Effect of structural modifications on the drying kinetics of foods: changes in volume, surface area and product shape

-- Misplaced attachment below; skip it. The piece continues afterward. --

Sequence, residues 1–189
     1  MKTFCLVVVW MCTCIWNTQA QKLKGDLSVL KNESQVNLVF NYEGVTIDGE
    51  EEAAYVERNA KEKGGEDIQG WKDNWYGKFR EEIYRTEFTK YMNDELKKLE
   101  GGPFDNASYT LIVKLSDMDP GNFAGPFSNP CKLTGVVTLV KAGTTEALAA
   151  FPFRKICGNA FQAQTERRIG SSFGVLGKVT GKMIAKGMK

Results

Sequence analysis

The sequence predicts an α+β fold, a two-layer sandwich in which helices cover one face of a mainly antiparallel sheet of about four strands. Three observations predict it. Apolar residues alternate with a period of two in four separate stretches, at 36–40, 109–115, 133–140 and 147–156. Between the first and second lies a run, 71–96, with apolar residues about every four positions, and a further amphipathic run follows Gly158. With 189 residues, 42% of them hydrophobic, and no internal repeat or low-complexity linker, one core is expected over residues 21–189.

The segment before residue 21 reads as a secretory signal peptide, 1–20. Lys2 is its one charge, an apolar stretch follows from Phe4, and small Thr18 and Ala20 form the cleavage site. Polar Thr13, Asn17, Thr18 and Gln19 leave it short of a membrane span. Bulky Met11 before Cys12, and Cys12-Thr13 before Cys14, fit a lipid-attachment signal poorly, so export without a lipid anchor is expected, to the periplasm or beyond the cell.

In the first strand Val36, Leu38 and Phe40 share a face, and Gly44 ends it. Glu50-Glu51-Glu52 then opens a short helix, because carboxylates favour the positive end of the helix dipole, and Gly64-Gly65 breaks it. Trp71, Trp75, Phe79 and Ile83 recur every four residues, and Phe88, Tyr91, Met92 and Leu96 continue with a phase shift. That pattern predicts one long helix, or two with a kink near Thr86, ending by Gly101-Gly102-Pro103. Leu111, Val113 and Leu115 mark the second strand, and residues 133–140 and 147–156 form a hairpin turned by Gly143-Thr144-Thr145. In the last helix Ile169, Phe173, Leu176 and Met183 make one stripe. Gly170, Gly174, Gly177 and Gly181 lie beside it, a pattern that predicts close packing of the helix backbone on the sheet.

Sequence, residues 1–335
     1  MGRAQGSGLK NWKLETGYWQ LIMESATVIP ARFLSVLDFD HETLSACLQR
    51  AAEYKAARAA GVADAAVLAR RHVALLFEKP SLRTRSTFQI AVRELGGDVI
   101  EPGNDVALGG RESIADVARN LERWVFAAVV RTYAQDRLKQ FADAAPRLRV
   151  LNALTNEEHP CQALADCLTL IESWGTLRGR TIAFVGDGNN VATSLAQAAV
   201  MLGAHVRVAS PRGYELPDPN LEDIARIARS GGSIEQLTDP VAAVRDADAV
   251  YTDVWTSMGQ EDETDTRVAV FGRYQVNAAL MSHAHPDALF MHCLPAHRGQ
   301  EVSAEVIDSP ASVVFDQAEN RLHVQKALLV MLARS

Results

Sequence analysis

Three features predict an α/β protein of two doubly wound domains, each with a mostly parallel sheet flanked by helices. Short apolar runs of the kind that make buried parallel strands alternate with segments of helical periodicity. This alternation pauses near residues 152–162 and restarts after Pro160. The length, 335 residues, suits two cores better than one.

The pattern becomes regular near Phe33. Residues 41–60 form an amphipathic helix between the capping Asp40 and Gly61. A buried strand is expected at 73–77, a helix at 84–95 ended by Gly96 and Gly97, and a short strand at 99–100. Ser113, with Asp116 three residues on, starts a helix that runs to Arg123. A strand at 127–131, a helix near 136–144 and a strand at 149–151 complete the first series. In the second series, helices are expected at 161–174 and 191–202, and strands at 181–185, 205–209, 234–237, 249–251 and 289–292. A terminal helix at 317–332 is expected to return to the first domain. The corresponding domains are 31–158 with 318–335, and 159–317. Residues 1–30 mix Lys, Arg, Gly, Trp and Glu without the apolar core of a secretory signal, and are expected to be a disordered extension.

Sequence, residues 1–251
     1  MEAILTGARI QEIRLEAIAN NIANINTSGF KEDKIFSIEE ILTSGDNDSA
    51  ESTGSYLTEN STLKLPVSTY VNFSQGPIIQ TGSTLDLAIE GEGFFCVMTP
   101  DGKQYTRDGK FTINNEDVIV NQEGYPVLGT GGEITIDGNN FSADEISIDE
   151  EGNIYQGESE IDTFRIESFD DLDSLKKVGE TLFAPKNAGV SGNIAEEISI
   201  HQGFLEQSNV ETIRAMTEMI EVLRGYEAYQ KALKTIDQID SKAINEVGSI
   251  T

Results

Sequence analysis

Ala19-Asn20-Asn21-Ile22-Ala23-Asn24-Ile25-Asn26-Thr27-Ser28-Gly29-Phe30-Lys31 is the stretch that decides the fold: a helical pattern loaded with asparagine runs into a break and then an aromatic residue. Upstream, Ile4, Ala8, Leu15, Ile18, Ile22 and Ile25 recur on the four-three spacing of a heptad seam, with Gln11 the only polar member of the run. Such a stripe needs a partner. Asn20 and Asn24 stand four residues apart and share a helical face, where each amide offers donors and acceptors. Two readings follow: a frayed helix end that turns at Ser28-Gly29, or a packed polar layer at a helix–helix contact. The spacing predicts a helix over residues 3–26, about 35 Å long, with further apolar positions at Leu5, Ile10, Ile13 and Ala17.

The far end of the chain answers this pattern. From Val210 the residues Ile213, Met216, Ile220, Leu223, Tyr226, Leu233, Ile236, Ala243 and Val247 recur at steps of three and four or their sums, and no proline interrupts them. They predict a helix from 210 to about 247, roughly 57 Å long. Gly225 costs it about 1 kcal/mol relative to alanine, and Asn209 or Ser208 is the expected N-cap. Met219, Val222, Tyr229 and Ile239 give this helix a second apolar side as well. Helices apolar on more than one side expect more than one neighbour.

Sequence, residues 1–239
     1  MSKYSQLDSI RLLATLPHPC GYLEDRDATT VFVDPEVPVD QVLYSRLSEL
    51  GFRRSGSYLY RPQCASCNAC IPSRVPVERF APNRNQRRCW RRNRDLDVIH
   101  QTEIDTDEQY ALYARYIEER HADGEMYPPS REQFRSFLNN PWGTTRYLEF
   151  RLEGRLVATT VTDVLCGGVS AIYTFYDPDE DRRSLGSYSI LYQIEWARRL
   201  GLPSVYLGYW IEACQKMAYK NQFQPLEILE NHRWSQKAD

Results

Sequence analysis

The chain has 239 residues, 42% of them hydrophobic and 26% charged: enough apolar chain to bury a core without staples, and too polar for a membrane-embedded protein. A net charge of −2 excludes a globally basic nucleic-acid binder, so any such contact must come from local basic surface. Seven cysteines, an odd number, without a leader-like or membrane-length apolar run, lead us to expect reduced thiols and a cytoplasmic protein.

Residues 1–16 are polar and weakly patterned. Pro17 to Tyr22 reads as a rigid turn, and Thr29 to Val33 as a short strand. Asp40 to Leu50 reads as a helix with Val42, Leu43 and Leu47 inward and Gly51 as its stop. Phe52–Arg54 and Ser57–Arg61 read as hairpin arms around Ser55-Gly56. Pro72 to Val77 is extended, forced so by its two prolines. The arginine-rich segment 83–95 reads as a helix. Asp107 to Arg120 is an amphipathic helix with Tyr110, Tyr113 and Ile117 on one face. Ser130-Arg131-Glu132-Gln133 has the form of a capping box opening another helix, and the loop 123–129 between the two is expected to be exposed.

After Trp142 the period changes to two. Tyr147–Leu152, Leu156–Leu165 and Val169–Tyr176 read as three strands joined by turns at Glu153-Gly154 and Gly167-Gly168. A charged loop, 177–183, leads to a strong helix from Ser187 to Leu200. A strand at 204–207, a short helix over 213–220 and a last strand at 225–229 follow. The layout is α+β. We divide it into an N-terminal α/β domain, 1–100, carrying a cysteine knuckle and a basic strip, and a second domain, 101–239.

Macro and micro-structural changes take place during food dehydration. Macro-structural changes encompass modifications in shape, area and volume. Studies of such changes are important because dehydration kinetics (essential for calculating industrial dryers) may be highly influenced by changes in food shape and dimensions. The overall changes in volume, surface area (“shrinkage”) and shape (Heywood factor, with provides a close description of food shape) were determined experimentally, and the results were correlated with simple expressions. Hence, although dehydration kinetics can be modeled with simplified overall shrinkage expressions, the possibility of selecting a suitable geometry and predicting the characteristics dimensions will provide higher accuracy. An additional unresolved problem is the lack of a general model that predicts macro-structural changes for various foods and diverse geometries. In this work, based on experimental data of sweet and sour cherries, and rose hip fruits, a simplified general model to predict changes in volume and surface area are proposed. To estimate how the changes in characteristic dimensions affect the kinetic studies, experimental drying curves for the three fruits by means of a diffusional model considered the following variants for the characteristic dimensions: (i) The radius of the fresh food, assumed constant; (ii) The radius of the partially dehydrated product; (iii) The radius predicted by the correlation for structural changes, especially volume, obtained in this work and generalized for the three fruits, and (iv) to demonstrate the need to study the macro-structural changes for all dehydrated foods, also be present the case of a restructured food.